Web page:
Nepal is one of the world’s poorest countries, and Zou said that although the organization wants to help the roughly 33 percent of the country’s population who are yet to cross the poverty threshold, location issues and cost concerns like poor infrastructure and four months of rainy season force the organization to carefully consider each project.

“Though we are the biggest foundation (in poverty reduction) in China, it is still a big challenge for us to afford an overseas office,” said Zou. “All donations received are used for poverty alleviation projects only, since no donor will allow us to use the money for office operations or other expenses.” 

Since most of CFPA’s money is raised from donations from private companies, Zou said it is important to maintain high transparency in project execution. 

“I hope more Chinese NGOs can go out, so that it will be a group of people (working in a synergized way) to help with the poverty alleviation in Nepal,” said Zou, who wants to see more projects boosting microfinance, female empowerment, and skills training. 

“Now we engage Chinese enterprises in Nepal in our projects and have built a volunteer group to allow Chinese people in Nepal to stay active in poverty alleviation, which can also (facilitate) companies’ corporate social responsibility,” said Zou.


Zou Zhiqiang

China Foundation for Poverty Alleviation (CFPA) international development department assistant director, and country director of Nepal office


2014: Achieved certification in international management skills training, United States

1998: Master of Arts, Soochow University, China

Career milestones:

2015-present: Country director of Nepal office, CFPA

2013-present: Assistant director, international development department, CFPA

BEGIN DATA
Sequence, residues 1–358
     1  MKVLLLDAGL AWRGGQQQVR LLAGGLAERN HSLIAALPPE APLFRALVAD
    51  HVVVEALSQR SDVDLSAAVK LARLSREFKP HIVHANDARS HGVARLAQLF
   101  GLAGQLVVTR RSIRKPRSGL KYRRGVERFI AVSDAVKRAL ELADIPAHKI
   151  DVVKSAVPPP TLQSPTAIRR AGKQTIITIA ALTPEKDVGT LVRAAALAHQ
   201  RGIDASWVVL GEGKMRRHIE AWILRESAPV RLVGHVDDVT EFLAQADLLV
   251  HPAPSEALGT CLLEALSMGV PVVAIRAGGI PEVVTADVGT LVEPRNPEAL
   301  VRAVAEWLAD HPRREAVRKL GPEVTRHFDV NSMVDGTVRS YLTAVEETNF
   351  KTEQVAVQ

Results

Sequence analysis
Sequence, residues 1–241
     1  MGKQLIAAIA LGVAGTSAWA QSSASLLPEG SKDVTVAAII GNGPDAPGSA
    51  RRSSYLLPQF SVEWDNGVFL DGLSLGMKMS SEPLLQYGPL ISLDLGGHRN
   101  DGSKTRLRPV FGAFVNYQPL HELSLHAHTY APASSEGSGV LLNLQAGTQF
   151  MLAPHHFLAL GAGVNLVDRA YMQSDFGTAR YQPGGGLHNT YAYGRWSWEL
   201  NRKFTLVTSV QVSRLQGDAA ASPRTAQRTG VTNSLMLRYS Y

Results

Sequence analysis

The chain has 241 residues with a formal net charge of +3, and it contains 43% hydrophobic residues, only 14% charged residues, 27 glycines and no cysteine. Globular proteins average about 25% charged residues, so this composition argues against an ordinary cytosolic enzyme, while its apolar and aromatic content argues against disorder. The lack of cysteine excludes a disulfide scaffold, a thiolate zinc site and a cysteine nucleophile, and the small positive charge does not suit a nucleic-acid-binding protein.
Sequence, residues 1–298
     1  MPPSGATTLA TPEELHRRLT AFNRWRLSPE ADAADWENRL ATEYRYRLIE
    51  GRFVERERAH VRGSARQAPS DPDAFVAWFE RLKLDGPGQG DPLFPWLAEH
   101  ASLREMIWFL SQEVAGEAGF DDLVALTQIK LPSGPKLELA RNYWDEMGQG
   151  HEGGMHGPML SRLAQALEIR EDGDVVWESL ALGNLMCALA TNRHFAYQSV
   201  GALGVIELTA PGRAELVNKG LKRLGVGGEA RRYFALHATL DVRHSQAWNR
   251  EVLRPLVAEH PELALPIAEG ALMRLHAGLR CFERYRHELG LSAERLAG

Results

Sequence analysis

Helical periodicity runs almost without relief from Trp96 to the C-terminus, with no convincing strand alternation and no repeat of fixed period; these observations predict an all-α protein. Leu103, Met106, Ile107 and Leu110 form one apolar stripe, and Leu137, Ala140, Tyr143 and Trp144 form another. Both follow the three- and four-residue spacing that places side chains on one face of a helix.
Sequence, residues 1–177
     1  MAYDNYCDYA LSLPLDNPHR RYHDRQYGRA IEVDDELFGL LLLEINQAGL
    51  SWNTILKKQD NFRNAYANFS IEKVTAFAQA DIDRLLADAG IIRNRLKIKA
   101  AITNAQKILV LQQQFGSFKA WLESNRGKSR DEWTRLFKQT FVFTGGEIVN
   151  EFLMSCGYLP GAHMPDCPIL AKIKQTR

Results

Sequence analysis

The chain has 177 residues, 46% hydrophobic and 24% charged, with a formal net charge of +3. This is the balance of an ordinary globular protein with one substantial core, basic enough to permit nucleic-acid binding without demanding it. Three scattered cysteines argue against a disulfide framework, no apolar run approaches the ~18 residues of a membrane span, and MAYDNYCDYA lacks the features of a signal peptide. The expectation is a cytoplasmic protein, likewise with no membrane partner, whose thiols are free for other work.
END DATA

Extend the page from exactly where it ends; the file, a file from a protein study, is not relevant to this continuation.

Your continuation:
2006-13: Deputy director, China Aviation Publishing & Media Co

2002-06: Assistant director, department of maternal and infant health, CFPA

1998-2001: Official, Information Center of State Administration of Press and Publication

Quick takes:

Do you miss home when you are in Nepal? 

At first I missed home a lot because I had never left home for more than one month in the past. But as the first country director for a Chinese NGO I felt I had the mission to take on my responsibility. We have this banner hanging in our Nepal office that says: Persist, let CFPA Nepal office exist. We needed to share China’s experience with Nepal to help them recover from the earthquake.

There was a time when you left CFPA for a number of years, why?

I just felt I needed to go to an actual public relations company, in order to learn how they operate and get to know more companies (to increase my chances of raising more money). I told my boss (at CFPA) that I needed to go out to see a bigger world and that my only request was to come back afterwards. In 2013, the 7.0-magnitude Ya’an earthquake (in Southwest China’s Sichuan province) occurred and I decided to go back (to help with post-disaster reconstruction).

What do you like most about Nepal?

I like the Chitwan district best, probably because I like water and being close to the lowland area. If you visit there in October, you will hear all kinds of birds singing around you when you are having breakfast under the clear blue sky. I have been to over 20 villages in Pokhara, but I still feel kind of scared when walking on winding mountain roads and cliffs.